HIV Combination prevention: Monitoring implementation of the Dublin Declaration on partnership to fight HIV/AIDS in Europe and Central Asia (2018 progress report)
HIV combination prevention is an approach that brings together single prevention initiatives into a comprehensive programme. This approach considers that the offer of multiple evidence-based interventions in a comprehensive programme will have a greater impact on HIV transmission than investing in a single strategy. In this report we
present and test the feasibility of a novel approach to monitoring the implementation of combination HIV prevention at national level.
This report uses survey data collected from countries who took part in the 2018 round of reporting on implementation of the Dublin Declaration on Partnership to Fight HIV & AIDS in Europe and Central Asia (known as ‘Dublin Declaration’ data). Eleven indicators were considered, using information reported through the Dublin Declaration survey on condoms, PrEP, HIV testing, ART coverage, viral suppression and sexual and relationship education. Data availability was assessed together with an analysis of whether each target was met. Three indicators were excluded due to the lack of specific targets.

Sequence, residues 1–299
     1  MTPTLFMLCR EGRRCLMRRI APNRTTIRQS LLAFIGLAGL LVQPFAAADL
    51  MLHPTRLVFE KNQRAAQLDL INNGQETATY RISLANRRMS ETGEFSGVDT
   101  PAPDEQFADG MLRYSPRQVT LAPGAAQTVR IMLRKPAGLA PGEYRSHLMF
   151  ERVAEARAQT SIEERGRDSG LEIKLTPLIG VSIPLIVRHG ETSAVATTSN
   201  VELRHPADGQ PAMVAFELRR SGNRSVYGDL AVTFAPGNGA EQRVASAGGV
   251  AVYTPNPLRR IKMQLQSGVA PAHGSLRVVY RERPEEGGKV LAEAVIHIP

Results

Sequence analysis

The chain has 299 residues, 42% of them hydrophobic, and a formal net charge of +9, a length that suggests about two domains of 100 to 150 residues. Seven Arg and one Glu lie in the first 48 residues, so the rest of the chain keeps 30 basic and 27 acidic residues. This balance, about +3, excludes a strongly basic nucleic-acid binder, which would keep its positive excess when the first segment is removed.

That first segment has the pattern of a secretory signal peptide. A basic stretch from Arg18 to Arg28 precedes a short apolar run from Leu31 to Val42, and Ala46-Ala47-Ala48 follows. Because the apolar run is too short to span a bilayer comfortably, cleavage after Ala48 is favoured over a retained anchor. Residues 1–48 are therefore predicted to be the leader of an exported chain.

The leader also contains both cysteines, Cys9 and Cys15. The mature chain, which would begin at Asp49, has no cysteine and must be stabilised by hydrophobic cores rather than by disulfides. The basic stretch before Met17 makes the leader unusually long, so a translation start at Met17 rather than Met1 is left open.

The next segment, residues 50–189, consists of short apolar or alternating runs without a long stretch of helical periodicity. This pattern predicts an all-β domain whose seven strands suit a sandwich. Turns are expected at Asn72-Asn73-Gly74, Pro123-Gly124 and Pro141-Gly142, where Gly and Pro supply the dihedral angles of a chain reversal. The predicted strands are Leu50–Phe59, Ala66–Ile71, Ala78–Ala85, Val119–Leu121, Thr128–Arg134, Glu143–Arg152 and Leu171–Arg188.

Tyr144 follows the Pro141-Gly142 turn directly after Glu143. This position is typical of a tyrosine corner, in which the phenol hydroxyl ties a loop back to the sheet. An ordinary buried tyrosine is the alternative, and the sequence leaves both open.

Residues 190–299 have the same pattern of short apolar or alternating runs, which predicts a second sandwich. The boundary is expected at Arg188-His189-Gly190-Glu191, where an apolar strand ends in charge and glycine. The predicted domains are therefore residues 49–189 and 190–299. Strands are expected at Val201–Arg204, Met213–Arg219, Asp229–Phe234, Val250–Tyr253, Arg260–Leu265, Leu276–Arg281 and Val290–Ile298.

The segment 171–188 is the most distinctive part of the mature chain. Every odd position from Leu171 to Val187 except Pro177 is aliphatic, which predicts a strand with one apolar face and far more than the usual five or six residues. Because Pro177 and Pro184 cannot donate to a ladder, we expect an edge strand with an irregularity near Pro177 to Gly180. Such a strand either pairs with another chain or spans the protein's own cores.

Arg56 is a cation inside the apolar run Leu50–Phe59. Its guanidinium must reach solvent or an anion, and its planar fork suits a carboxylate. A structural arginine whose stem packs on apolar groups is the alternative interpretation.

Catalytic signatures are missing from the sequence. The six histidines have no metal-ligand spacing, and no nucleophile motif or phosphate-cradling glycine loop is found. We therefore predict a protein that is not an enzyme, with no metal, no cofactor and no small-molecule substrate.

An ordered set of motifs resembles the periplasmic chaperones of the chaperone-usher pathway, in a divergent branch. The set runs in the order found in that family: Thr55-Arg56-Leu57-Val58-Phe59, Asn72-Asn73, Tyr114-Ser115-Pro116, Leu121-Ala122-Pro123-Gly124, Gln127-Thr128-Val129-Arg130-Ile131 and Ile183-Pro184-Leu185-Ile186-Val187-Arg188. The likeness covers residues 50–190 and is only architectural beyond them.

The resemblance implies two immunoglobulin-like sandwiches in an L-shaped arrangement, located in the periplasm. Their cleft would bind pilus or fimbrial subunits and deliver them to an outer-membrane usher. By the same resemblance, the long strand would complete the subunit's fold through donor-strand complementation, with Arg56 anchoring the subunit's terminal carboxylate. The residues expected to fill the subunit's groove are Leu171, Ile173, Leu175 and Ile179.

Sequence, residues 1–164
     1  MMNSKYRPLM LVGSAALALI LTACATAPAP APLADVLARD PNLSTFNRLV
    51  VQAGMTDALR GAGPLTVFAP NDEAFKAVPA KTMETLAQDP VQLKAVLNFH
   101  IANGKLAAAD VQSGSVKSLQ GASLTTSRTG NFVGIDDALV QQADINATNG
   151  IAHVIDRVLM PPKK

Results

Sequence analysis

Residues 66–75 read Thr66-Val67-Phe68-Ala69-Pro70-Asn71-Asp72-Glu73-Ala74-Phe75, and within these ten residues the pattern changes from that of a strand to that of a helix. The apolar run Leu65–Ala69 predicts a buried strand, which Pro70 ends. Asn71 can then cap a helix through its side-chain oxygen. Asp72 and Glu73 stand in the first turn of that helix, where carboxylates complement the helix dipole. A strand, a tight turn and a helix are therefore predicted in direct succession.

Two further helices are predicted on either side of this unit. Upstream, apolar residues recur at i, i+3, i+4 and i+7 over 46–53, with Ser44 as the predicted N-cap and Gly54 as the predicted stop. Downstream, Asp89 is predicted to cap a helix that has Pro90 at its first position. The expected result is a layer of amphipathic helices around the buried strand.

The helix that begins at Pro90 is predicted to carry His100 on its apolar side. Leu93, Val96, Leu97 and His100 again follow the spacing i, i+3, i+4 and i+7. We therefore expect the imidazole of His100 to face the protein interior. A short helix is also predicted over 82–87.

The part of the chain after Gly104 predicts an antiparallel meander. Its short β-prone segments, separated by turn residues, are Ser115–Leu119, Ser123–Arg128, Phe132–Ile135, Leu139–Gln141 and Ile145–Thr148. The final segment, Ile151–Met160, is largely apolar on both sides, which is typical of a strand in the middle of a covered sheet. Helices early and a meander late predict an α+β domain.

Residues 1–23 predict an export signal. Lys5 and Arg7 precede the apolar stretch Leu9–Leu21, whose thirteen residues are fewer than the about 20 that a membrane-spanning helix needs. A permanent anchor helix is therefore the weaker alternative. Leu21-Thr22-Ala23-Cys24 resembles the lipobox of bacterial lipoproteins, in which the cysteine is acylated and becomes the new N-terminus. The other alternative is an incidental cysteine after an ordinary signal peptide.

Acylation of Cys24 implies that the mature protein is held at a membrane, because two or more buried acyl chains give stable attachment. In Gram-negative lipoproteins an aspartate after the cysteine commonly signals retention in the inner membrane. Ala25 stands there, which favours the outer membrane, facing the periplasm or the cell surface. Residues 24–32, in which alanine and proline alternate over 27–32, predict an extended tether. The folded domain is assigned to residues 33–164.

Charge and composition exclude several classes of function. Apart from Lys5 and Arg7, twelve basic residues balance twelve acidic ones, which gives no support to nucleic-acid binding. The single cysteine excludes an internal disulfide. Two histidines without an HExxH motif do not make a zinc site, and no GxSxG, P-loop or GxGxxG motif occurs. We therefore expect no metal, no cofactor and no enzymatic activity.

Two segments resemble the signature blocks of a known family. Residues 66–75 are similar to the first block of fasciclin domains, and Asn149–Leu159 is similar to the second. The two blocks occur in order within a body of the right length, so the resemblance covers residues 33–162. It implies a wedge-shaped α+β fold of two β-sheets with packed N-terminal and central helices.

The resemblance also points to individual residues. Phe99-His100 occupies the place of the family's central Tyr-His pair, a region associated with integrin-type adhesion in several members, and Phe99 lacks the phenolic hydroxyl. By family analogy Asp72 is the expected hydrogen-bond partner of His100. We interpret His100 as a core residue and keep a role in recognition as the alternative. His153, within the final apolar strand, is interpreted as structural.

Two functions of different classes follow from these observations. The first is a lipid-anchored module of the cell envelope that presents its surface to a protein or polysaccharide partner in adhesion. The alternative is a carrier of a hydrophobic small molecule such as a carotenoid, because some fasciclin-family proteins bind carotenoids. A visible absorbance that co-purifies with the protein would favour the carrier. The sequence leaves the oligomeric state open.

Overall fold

Overall, 42 of 52 countries could provide enough indicators, regardless of the outcome, to enable the metric of combination prevention to be used to evaluate their response to the HIV epidemic. A total of five were categorised as having evidence of combination prevention implementation, 15 as has having some evidence and 22 as having partial evidence. However, high levels of missing data mean that these baseline measurements should be interpreted cautiously. Furthermore, the indicators selected may not be equivalent in terms of impact, or evenly applied at sub-national level. The specific indicators and targets included in this approach must be further developed and can be adapted to particular settings, or as epidemics evolve.